I am from a non-traditional, sometimes dysfunctional family. My mother was only a few months short of her 40th birthday when she gave birth to me in 1969. She was the youngest of nine children, was supposed to be a twin, and was born to my 45-year-old grandmother—in 1929. My mother had three sisters 15 or more years older than her, and they had very different lives, in part because the women’s suffrage movement occurred between their births. There are so many unique stories in my family. Some of them are fun, like my uncle who worked in the Department of State and lived in Ecuador and Japan. Some are sad, like the deaths of two of my aunts, when they were children, and my grandfather’s suicide. Others are embarrassing, like my aunt’s racist remarks—sometimes in front of her home health aide, who was a sweet woman of color who we all loved dearly.
Unfortunately, I had a lot of experience being uncomfortable when my older family members used outdated language describing minorities or discussing sensitive social topics. Yet, in many ways, this is what drove me into conflict resolution. In my elementary school years, I was simply confused by the comments about my “little n***** friend” because I didn’t know what that meant. I tried to ignore the teasing and just felt bad, not fully understanding why. I still don’t know if it was because I was being teased or because my family was making fun of my friend.
In my teenage years, I was far less diplomatic and probably rebellious at times. When my mother threatened to send me to military school because I was talking on the phone to a mixed-race boy I was hoping to date, it only made me more interested in him, which makes me sad because my relationship with him became less about what a great guy he was. I planned to change my appearance and run away, but the guy chose to stop talking to me before I made such a drastic move. That left me challenging my mom with my sharp tongue and biting questions. Eventually, she either started to see that she was being unfair and racist in her prejudgments, or she learned to control them better. I honestly think she tried to overcome the thoughts and beliefs she was taught from an early age, but it was not easy for her to undo nearly 60 years of conditioning. As she met more of my friends from various racial, religious, and gender identities, she opened her heart to them and seemed to tell fewer jokes, make fewer comments, and correct herself when she slipped.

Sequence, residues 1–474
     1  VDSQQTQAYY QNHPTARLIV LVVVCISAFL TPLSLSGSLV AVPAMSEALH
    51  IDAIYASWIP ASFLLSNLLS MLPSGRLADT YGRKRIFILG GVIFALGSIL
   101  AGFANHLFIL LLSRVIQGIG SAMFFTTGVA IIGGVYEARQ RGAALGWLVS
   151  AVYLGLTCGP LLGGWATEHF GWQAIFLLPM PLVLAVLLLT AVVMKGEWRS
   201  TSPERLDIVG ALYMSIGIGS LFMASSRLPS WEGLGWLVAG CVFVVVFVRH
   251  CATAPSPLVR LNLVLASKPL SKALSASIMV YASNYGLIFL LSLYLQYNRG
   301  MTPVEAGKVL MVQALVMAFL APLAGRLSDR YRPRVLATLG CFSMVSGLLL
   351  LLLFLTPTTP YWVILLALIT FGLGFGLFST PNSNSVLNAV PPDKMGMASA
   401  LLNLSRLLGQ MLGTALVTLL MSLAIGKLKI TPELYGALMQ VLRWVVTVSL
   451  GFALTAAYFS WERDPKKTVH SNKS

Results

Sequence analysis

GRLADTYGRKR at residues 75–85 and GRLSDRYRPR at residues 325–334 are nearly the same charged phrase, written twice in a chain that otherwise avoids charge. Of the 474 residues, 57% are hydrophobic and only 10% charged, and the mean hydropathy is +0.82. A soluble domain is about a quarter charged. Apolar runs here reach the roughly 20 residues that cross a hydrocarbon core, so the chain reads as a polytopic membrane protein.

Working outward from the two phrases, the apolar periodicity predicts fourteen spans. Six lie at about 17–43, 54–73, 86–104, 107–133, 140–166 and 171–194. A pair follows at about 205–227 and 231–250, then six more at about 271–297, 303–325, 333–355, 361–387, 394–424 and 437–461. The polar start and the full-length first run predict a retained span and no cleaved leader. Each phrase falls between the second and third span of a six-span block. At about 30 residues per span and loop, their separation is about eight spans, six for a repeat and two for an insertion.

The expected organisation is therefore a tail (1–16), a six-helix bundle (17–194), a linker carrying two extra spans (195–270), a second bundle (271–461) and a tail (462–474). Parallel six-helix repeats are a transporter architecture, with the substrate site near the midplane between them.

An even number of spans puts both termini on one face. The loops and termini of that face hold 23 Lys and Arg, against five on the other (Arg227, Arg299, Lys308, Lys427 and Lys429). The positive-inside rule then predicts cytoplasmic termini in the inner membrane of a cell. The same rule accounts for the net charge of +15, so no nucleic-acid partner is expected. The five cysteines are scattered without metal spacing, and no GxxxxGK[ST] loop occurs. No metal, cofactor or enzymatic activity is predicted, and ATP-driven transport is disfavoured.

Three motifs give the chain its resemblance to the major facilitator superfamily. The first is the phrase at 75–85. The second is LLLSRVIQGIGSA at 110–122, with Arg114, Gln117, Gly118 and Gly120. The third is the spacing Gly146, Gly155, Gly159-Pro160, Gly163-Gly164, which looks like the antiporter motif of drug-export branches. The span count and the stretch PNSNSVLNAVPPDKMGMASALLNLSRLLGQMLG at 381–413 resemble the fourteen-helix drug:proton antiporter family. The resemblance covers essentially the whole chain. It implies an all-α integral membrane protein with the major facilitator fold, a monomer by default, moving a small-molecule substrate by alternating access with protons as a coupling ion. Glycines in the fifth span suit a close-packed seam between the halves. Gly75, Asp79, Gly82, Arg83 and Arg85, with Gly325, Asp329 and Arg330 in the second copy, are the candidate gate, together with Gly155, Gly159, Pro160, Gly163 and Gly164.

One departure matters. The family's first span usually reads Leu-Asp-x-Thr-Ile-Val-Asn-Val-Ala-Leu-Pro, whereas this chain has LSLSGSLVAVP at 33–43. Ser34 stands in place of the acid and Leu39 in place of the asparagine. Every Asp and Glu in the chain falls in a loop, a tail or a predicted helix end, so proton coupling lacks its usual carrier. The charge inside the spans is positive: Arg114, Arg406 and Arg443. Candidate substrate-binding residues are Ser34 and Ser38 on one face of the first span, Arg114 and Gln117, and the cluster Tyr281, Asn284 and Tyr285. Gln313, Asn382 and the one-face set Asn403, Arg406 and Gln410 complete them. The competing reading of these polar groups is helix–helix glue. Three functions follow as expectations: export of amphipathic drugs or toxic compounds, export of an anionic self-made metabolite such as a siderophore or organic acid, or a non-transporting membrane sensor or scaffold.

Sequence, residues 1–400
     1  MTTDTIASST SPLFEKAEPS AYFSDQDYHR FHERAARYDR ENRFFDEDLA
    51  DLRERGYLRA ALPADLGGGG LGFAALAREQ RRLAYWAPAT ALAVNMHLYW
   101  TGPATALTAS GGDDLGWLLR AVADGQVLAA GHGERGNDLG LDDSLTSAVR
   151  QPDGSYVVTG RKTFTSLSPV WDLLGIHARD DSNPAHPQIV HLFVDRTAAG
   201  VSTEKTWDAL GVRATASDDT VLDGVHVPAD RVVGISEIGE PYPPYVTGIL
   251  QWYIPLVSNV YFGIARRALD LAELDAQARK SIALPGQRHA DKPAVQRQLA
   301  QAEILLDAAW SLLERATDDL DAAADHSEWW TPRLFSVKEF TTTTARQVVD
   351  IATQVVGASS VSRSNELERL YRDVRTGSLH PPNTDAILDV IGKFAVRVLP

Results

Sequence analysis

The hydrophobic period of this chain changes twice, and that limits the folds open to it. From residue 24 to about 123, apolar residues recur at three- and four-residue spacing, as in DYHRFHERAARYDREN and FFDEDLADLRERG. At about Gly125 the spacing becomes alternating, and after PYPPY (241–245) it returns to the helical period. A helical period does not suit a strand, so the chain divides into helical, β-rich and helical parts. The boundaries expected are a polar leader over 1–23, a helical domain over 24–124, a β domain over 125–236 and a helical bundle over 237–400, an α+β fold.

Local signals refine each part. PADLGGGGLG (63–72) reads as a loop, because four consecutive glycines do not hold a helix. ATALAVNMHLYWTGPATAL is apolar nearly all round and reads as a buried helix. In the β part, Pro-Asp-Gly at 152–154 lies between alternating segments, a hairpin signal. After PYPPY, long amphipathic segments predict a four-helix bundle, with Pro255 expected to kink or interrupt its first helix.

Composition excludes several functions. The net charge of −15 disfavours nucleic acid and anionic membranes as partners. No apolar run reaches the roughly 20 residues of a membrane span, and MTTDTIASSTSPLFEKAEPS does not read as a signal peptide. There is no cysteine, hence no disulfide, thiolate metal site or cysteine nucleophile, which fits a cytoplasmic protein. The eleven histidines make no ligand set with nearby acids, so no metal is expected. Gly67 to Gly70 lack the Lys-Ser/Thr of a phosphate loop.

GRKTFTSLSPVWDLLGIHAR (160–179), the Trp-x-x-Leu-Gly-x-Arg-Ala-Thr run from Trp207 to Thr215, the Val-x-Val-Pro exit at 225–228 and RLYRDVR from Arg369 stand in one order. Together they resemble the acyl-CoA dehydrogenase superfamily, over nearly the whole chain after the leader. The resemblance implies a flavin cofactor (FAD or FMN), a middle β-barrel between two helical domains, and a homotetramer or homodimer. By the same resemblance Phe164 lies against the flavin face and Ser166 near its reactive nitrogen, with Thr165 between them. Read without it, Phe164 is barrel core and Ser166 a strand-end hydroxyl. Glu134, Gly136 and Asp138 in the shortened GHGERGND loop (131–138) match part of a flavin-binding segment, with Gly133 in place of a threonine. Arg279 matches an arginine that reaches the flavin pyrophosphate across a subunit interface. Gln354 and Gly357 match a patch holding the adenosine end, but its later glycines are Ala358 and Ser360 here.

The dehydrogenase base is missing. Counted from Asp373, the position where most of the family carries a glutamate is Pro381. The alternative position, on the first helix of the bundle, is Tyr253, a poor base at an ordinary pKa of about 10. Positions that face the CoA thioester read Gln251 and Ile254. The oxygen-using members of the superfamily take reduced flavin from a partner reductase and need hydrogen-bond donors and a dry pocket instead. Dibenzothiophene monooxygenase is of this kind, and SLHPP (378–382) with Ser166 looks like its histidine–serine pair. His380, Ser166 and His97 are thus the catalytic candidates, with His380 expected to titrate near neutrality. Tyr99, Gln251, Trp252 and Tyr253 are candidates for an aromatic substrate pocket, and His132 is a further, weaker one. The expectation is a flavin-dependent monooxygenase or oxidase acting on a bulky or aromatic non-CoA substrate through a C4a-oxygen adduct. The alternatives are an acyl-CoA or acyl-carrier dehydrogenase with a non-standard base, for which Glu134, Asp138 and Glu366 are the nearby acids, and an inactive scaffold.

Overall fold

It got easier in my adult years and after my mother got cancer the first of three times. It didn’t hurt that my sister married a black man, or that the boyfriend we thought I’d marry came out as gay. More and more, my family started to see the commonalities among various people who had seemed different. It almost seems like a lot just went away, but your inquiry made me remember how long of a game we played to overcome ineffective brain patterning that was reinforced by much of the society around us, from our still largely-segregated communities to television and media.
Is there a way to talk about this and educate our elders?
Yes. But they might not understand immediately, and you lecturing them probably won’t get you very far. You might have to navigate an argument (or a few), but it will be worth it, especially if you stand in a space of compassion and try to understand how they developed the language they are using. I found it helpful to focus on my mother’s big heart and love for people of all races, when she was at work, in the store, etc. I asked her what was different in other situations. We had difficult conversations that made us both think more deeply. We became better friends as a result, and it was rich. I wish I could talk to her about this submission today; she died in February 2018.
The best ways to talk about this stuff without it getting emotional and feelings being hurt are:
- Prepare by getting clear on what you want from the relationship and why it is important that your elders stop using outdated language. Are you willing to play a long game to get the best result?
- Ask questions about where they learned the language they use and what it was like for them growing up. Is their language a bad habit from the past, or is it something they adopted recently? Do they think it’s funny, or are they hostile?
- Remind them of hurtful stereotypes and language used to describe people seemingly like them. Do they remember the pain? Why would they want to hurt others the same way?
- Love them for who they are and who they aren’t, giving them room to reconsider things that might have been with them for decades. Trust that they can and will still grow.
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Nance L. Schick, Esq., is a workplace attorney, ethno-religious mediator, and conflict resolution coach based in New York City. Her goal is to keep you out of court and build your conflict resolution skills so everyone has a better work experience. She helps managers and business owners have empowering conversations about emotionally-charged issues such as gender, race, religion, and disability. She is creator of the Third Ear Conflict Resolution process, author of DIY Conflict Resolution, and an award-winning entrepreneur acknowledged by Super Lawyers (ADR, 2018, 2019 & 2020), the New York Economic Development Corporation/B-Labs (Finalist, Best for NYC 2015 & 2016), U.S. Chamber of Commerce (2015 Blue Ribbon Small Business), Enterprising Women Magazine (Honorable Mention, 2014 Woman of the Year awards).